The_Heckscher-Ohlin_Model_Between_1400_a

The_Heckscher-Ohlin_Model_Between_1400_a - NBER WORKING...

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NBER WORKING PAPER SERIES THE HECKSCHER-OHLIN MODEL BETWEEN 1400 AND 2000: WHEN IT EXPLAINED FACTOR PRICE CONVERGENCE, WHEN IT DID NOT, AND WHY Kevin H. O’Rourke Jeffrey G. Williamson Working Paper 7411 http://www.nber.org/papers/w7411 NATIONAL BUREAU OF ECONOMIC RESEARCH 1050 Massachusetts Avenue Cambridge, MA 02138 November 1999 Paper to be presented to the Conference Commemorating the 100 th Birthday of Bertil Ohlin, Stockholm, Sweden, October 15-16, 1999. The authors acknowledge with pleasure the excellent research assistance of Andrea Cid, Matt Rosenberg, and, especially, Ximena Clark. We thank Vincent Hogan, Anthony Murphy and especially Rodney Thom for their invaluable econometric advice, and Greg Clark for providing us with data on British land rents. Williamson also acknowledges generous research support from the National Science Foundation SBR-9505656. The views expressed herein are those of the authors and not necessarily those of the National Bureau of Economic Research. © 1999 by Kevin H. O’Rourke and Jeffrey G. Williamson. All rights reserved. Short sections of text, not to exceed two paragraphs, may be quoted without explicit permission provided that full credit, including © notice, is given to the source.
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The Heckscher-Ohlin Model between 1400 and 2000: When It Explained Factor Price Convergence, When It Did Not, and Why Kevin H. O’Rourke and Jeffrey G. Williamson NBER Working Paper No. 7411 November 1999 JEL No. F14, N7 ABSTRACT There are two contrasting views of pre-19 th century trade and globalization. First, there are the world history scholars like Andre Gunder Frank who attach globalization “big bang” significance to the dates 1492 (Christopher Colombus stumbles on the Americas in search of spices) and 1498 (Vasco da Gama makes an end run around Africa and snatches monopoly rents away from the Arab and Venetian spice traders). Such scholars are on the side of Adam Smith who believed that these were the two most important events in recorded history. Second, there is the view that the world economy was fragmented and completely de-globalized before the 19 th century. This paper offers a novel way to discriminate between these two competing views and we use it to show that there is no evidence that the Ages of Discovery and Commerce had the economic impact on the global economy that world historians assign to them, while there is plenty of evidence of a very big bang in the 19 th century. The test involves a close look at the connections between factor prices, commodity prices and endowments world wide. Kevin H. O’Rourke Jeffrey G. Williamson Department of Economics Department of Economics University College Dublin Harvard University Belfield, Dublin 4, Ireland Cambridge, MA. 02138 USA [email protected] and NBER [email protected]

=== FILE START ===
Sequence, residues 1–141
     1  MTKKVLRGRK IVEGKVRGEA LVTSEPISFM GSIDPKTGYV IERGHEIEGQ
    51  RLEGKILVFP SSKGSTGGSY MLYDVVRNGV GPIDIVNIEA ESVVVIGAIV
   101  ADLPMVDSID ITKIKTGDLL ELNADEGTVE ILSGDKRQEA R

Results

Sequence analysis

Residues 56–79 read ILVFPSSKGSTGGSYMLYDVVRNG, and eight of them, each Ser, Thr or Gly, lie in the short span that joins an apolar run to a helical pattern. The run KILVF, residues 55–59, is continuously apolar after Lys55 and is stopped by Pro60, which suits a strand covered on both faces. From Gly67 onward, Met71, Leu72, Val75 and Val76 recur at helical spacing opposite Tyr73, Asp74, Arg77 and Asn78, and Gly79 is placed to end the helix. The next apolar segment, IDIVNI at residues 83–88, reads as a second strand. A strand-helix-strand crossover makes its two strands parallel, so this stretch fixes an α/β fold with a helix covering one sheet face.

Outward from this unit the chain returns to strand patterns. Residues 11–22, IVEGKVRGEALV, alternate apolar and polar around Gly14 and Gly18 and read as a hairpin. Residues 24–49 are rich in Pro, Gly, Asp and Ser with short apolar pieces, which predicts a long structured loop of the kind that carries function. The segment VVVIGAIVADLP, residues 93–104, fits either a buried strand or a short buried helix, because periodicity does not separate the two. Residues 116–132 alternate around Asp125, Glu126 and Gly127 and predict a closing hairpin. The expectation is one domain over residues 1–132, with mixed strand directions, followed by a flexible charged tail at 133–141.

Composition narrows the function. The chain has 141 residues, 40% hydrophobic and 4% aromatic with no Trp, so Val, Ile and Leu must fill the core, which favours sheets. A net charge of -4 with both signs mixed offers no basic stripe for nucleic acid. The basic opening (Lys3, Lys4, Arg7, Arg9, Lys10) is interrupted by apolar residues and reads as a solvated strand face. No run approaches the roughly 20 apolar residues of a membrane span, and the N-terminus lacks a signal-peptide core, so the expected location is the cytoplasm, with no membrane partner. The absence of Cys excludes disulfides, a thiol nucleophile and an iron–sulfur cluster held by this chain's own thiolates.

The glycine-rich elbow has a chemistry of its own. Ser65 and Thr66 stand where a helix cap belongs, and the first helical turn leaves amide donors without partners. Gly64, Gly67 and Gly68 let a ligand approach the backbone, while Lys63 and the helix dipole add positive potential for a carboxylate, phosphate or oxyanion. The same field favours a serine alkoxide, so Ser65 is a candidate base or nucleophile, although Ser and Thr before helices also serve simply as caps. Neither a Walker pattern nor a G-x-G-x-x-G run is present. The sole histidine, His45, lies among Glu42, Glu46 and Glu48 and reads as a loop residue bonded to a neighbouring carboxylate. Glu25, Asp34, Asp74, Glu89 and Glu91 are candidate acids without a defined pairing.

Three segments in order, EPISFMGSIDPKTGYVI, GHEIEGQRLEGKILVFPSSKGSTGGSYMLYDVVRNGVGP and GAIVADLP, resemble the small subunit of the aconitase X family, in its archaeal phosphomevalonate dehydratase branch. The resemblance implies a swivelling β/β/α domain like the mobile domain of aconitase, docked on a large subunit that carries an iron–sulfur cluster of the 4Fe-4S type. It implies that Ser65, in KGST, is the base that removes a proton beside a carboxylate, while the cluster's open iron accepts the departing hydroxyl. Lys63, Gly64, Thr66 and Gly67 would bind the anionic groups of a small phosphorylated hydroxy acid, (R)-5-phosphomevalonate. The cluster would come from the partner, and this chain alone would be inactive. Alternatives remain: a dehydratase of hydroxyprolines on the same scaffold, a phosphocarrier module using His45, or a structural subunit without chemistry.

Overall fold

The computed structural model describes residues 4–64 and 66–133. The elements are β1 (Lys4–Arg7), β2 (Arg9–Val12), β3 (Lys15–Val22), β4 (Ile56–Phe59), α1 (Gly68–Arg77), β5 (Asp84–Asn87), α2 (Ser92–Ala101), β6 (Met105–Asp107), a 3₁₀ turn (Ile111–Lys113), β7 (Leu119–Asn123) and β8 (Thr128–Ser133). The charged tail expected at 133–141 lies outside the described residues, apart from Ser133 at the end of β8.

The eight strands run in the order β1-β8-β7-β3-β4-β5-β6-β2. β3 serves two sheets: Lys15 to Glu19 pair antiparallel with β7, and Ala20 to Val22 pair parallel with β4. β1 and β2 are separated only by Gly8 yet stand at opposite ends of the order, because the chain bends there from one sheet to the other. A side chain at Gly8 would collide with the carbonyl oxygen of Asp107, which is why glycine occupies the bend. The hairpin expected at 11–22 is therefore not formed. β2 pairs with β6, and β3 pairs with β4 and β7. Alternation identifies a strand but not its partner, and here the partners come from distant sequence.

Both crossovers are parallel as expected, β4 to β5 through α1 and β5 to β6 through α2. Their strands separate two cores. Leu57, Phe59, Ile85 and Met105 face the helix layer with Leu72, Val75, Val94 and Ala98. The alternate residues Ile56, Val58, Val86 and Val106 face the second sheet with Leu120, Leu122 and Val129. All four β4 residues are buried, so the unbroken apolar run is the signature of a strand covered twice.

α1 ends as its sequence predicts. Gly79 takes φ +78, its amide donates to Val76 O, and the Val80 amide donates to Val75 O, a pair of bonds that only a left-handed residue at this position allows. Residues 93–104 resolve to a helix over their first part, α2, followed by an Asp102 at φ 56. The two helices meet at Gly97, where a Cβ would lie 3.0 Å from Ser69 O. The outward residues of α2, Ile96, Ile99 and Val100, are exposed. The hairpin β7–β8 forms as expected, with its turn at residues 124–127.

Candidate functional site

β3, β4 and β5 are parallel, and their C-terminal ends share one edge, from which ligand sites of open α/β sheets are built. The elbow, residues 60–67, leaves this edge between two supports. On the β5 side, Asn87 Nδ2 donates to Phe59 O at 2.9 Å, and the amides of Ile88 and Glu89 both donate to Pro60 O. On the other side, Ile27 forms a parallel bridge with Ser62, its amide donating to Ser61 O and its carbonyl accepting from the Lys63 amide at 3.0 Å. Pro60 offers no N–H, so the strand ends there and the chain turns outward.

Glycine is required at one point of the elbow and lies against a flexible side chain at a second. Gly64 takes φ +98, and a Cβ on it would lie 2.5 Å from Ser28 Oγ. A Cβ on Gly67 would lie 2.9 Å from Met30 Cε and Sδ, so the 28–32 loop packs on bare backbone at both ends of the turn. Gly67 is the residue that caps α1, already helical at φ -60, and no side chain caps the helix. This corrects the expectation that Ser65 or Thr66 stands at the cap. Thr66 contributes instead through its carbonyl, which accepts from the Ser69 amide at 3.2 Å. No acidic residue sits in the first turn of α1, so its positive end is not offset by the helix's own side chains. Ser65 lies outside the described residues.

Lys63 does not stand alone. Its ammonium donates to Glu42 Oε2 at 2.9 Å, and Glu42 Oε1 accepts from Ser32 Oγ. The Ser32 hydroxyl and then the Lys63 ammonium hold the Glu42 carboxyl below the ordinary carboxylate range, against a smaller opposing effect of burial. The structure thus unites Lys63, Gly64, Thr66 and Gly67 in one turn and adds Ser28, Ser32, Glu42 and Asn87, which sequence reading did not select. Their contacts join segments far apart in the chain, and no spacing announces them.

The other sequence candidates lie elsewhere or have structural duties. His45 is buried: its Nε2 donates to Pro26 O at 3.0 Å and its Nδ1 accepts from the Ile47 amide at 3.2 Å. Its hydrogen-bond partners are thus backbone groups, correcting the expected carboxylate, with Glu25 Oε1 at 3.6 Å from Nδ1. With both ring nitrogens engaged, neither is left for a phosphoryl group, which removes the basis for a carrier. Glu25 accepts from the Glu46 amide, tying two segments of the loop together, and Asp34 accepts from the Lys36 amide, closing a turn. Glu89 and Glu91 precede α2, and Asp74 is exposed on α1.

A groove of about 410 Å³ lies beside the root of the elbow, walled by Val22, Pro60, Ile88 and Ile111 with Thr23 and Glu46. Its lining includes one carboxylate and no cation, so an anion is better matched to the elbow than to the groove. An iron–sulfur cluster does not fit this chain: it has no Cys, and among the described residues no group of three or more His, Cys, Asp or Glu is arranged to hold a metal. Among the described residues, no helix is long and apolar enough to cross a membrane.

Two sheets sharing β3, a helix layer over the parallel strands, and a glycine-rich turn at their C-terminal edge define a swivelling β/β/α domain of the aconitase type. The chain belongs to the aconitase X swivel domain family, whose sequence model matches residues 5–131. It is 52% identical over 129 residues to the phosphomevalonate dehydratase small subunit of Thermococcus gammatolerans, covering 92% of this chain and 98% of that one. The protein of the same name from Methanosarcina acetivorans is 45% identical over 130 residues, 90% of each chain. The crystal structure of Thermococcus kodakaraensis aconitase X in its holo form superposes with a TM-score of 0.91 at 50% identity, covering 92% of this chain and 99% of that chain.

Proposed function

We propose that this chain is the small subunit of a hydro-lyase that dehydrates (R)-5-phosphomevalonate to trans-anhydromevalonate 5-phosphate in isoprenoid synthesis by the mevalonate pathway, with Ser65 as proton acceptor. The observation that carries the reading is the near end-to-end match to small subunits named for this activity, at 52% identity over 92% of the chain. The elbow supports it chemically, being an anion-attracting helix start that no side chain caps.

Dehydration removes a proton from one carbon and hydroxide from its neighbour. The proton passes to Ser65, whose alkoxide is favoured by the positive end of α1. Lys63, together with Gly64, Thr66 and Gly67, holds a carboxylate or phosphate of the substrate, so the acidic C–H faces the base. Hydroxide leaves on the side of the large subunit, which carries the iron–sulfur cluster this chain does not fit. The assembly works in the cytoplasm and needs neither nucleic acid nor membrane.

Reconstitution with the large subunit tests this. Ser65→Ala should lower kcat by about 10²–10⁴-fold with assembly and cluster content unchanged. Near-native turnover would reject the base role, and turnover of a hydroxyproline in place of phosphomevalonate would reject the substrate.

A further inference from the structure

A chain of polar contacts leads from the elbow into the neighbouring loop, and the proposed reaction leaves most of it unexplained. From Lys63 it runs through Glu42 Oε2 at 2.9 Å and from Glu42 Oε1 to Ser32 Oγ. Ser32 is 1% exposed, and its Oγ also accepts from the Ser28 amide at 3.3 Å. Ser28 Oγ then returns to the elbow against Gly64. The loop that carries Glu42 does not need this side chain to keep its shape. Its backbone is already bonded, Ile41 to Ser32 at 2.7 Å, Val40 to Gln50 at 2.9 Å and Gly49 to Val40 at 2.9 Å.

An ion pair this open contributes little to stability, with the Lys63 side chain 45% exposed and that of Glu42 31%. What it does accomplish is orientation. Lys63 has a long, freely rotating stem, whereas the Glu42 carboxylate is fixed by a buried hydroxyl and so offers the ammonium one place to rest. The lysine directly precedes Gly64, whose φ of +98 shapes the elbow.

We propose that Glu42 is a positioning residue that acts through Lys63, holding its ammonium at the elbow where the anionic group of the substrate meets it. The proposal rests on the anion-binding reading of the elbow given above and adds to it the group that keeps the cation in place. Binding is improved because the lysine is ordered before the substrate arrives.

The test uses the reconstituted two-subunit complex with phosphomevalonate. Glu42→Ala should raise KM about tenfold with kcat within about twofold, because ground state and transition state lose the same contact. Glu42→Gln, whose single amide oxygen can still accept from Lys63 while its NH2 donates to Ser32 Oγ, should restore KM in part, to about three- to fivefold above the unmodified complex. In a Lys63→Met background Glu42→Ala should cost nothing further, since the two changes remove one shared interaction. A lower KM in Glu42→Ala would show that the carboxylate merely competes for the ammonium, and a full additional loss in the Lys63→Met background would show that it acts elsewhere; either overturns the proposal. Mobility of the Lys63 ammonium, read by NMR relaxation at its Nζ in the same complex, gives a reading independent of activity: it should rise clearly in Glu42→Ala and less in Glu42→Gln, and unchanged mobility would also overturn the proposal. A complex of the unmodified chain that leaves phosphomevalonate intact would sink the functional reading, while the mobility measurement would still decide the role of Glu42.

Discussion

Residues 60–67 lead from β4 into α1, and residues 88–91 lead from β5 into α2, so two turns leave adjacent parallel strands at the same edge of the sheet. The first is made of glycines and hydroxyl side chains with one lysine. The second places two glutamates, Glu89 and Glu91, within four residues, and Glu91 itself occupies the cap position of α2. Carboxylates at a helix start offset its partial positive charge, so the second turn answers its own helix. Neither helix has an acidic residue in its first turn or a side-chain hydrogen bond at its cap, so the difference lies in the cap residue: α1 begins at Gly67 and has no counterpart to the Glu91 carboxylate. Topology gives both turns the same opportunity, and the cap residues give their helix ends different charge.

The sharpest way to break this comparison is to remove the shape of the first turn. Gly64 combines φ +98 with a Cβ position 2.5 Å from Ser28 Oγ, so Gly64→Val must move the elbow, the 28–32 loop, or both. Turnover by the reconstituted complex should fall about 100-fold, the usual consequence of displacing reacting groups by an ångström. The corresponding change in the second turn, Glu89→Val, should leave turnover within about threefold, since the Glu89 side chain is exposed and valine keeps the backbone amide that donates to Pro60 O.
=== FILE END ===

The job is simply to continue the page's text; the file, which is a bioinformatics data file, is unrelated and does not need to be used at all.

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1 We also found, but did not emphasize, that Knut Wicksell was wrong. Wicksell argued that trade would lead to a decline in the demand for Swedish labor and thus, we take it, in the real wage (Flam and Flanders 1991, p. 7). In fact, CGE models suggest that commodity price convergence vis à vis America
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